How children react and make sense of their parent’s separation will vary depending on their age and stage of development at the time of their parents' divorce. Children younger than two or three years may have fewer negative effects, especially if the bond and close relationship with both their parents is sustained. Still babies do feel their parents’ distress, might cope poorly with alterations and discontinuity in schedules and might also feel unprotected. Preschoolers (children three to five years of age) might blame themselves and believe they have caused their parents’ divorce. At this age, children may fear being left alone or abandoned and for that reason might regress into a baby-like behavior. They might become uncooperative, depressed or angry. They will yearn for the absent parent especially if they do not see him/her very often. School-aged children (six to 12 years of age) will probably have the most difficult time coping with their parent’s divorce. They are old enough to understand what is going on, but they are too young to comprehend or control their reactions to this pain. They will be torn between the two parents and feel forced to choose. Therefore, such feelings like shame, resentment, rejection, and anger are extremely common to the school-aged children at this difficult time in their lives. Adolescents will also experience anger, fear, loneliness, and depression. They will also worry about their financial security and their future plans. Some will be frustrated should they be made responsible for chores that were not part of their routine when their parents stayed together. They might question the marriage institution in general and their own ability and desire to get or stay married. No matter how old your child is, divorce will have a major impact on his/her life. Will your child have long lasting consequences? That will depend on how you end your marriage, how you build your life after divorce and how you deal with your ex-partner in front of your children. It is absolutely possible to raise happy and well-rounded children when you are divorced. It will take some hard work from both of you: but the results are certainly well worth it.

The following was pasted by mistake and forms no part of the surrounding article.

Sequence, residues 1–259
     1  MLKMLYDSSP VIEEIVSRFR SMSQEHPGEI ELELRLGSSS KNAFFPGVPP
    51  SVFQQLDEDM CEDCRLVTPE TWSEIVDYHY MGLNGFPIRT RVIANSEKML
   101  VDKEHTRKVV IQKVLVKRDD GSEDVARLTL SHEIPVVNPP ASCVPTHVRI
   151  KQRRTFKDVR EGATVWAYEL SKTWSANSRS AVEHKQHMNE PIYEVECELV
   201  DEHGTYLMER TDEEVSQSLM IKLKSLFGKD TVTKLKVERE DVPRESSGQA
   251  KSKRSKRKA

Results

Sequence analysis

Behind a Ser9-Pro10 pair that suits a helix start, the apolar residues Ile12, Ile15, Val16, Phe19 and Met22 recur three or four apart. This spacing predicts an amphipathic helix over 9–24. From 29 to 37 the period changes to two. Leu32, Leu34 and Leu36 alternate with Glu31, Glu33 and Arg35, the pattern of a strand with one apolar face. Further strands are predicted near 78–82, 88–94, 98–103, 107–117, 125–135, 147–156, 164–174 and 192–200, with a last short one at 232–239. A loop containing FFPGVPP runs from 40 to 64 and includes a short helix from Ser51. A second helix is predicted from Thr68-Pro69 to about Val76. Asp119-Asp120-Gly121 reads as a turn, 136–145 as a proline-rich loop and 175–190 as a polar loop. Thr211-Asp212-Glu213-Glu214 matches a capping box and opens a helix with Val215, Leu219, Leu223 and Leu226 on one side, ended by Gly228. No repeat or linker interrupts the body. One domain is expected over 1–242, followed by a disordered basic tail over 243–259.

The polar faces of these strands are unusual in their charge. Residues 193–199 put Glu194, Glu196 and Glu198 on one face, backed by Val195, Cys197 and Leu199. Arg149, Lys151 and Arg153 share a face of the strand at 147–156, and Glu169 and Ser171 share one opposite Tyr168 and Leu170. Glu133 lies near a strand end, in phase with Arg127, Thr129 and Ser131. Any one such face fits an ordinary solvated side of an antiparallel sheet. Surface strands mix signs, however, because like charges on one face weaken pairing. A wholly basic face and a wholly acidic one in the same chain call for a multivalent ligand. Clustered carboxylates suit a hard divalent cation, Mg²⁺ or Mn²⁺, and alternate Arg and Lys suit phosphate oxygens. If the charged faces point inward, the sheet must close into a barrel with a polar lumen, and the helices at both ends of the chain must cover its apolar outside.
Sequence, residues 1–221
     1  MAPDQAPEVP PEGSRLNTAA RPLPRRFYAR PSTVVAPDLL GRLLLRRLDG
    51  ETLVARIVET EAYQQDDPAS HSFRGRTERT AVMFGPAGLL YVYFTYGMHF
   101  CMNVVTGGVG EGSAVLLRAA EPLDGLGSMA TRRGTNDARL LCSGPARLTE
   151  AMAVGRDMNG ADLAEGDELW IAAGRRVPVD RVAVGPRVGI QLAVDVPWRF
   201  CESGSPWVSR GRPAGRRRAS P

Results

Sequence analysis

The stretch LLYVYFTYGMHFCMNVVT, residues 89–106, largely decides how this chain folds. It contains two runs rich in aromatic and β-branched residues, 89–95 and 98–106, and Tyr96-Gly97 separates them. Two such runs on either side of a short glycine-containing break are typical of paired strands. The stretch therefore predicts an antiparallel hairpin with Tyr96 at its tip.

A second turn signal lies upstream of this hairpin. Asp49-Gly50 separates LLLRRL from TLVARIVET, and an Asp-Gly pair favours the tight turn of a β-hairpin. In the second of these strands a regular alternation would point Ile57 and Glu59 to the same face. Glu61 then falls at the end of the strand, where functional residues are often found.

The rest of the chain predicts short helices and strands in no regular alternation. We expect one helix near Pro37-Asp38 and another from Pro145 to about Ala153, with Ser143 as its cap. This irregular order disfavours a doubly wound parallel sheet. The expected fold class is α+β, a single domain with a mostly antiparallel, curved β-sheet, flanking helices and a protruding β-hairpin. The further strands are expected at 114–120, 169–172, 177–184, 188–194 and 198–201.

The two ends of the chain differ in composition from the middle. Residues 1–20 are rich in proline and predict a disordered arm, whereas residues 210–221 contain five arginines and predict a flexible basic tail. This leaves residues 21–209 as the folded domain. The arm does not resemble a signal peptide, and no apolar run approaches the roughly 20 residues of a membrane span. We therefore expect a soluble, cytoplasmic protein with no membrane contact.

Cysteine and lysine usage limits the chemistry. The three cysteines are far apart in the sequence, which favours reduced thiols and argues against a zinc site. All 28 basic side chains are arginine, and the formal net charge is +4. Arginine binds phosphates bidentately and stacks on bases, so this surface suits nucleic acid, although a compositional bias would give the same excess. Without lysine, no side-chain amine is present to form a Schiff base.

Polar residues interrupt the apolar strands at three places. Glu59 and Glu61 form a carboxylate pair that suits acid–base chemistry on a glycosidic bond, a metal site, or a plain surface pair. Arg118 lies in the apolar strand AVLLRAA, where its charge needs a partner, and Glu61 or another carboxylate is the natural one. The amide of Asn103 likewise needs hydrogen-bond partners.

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The importance of fathers